Are you planning to boost your retirement income by doing some part-time work once you eventually retire? Perhaps you have included the expectation of some paid work in your calculations about how much you need to finance your retirement.
If so, this leads to another question: How realistic is that expectation?
A Vanguard research paper, Retirement transitions in four countries, may help provide some answers.
More than 5560 pre-retirees (who are planning to retire within 10 years) and recent retirees (who retired over the past 10 years) age 55-75 took part in the study covering Australia, the United States, United Kingdom and Canada. This includes 743 Australian pre-retirees and 703 Australian recent retirees.
In short, the researchers wanted to compare the expectations of pre-retirees with the experiences of recent retirees – including in regard to doing some work as a retiree.
Researchers found that pre-retirees were up to four times likely to say they expect to work in retirement compared to the proportion of recent retirees actually working. Consider the findings:
Australia: Pre-retirees expecting to do paid work at least once a week in retirement (42 per cent). Recent retirees actually working at least once a week (11 per cent).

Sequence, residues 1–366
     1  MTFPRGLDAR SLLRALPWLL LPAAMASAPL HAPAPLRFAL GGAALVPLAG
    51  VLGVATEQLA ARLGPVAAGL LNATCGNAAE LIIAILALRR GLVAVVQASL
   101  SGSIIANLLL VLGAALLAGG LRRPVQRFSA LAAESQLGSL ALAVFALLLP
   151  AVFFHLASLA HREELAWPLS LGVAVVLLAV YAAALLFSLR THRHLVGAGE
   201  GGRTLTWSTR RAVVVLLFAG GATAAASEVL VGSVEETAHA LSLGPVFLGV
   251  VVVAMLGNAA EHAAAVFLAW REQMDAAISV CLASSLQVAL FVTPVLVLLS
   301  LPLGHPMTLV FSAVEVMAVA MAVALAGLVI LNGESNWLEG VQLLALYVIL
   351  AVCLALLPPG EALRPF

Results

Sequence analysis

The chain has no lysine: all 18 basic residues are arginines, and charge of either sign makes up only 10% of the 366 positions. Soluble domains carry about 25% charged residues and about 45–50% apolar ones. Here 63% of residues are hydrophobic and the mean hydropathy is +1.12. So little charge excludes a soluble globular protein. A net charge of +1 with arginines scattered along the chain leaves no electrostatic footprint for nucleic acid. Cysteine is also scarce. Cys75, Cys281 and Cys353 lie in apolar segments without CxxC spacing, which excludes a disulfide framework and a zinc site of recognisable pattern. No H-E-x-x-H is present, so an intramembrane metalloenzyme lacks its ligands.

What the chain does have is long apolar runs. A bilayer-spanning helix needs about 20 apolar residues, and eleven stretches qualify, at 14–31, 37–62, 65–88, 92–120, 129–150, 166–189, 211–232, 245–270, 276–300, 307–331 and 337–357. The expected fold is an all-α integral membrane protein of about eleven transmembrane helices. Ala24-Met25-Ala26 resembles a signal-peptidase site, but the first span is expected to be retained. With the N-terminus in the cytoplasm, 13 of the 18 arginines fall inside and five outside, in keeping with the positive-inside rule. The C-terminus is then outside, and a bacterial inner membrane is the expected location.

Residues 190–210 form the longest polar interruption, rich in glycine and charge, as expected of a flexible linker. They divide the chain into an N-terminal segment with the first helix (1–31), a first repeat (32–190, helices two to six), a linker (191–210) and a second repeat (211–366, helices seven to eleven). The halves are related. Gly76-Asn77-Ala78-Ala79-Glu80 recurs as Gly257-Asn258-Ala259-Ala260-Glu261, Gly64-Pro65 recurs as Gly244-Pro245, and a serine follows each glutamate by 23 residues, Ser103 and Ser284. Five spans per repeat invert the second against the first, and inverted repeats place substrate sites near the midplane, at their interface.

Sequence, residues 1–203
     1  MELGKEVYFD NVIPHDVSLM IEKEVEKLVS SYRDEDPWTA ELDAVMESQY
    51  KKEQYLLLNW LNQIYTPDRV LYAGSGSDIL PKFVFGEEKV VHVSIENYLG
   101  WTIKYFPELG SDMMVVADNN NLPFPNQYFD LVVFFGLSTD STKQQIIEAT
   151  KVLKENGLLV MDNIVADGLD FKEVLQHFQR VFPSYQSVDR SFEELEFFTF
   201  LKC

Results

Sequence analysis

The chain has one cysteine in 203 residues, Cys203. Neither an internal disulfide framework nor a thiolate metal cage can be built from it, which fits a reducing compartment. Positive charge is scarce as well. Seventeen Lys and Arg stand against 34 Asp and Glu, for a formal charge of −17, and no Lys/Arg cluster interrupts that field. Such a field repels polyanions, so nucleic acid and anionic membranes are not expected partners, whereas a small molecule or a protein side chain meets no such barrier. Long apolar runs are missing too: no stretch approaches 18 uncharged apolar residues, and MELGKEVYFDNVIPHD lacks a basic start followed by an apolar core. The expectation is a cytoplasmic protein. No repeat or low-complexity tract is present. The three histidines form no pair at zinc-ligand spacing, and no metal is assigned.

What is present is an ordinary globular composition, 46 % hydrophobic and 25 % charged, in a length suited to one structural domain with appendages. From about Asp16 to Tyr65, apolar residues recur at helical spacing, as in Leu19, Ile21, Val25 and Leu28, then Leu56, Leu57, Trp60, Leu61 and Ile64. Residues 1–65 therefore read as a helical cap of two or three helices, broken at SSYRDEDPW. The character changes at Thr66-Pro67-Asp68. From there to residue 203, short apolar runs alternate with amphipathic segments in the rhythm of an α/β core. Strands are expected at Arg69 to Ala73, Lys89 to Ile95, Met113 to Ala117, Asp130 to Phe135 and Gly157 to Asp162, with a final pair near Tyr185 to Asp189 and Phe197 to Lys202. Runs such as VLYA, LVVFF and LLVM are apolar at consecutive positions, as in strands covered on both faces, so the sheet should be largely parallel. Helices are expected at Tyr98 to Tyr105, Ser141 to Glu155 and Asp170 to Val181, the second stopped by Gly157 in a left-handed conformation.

United States: Pre-retirees expecting to do paid work at least once a week in retirement (42 per cent). Recent retirees actually working at least once a week (14 per cent).
United Kingdom: Pre-retirees expecting to do paid work at least once a week in retirement (40 per cent). Recent retirees actually working at least once a week (10 per cent).
Canada: Pre-retirees expecting to do paid work at least once a week in retirement (47 per cent). Recent retirees actually working at least once a week (14 per cent).
These findings raise another question: Why is there this gap between expectations to work in retirement and actually working?
“There are several possible reasons for this difference,” the researchers write. “Pre-retirees may feel they need more sources in retirement, and so expect to work.
“It could also be true,” they add, “that recent retirees had the same idea [as pre-retirees], but then, upon retiring, realised that the work was no longer necessary in retirement. Pre-retirees may also be overestimating their ability to find suitable work.”
Whether retirees do some work much depends on such factors as employment opportunities, health and family obligations – and whether they actually want to do paid work after getting a taste for retirement.
A message is that you should be particularly cautious about counting on part-time work as a retiree to boost your retirement income.
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Written by Robin Bowerman, Head of Market Strategy and Communications at Vanguard.
Reproduced with permission of Vanguard Investments Australia Ltd
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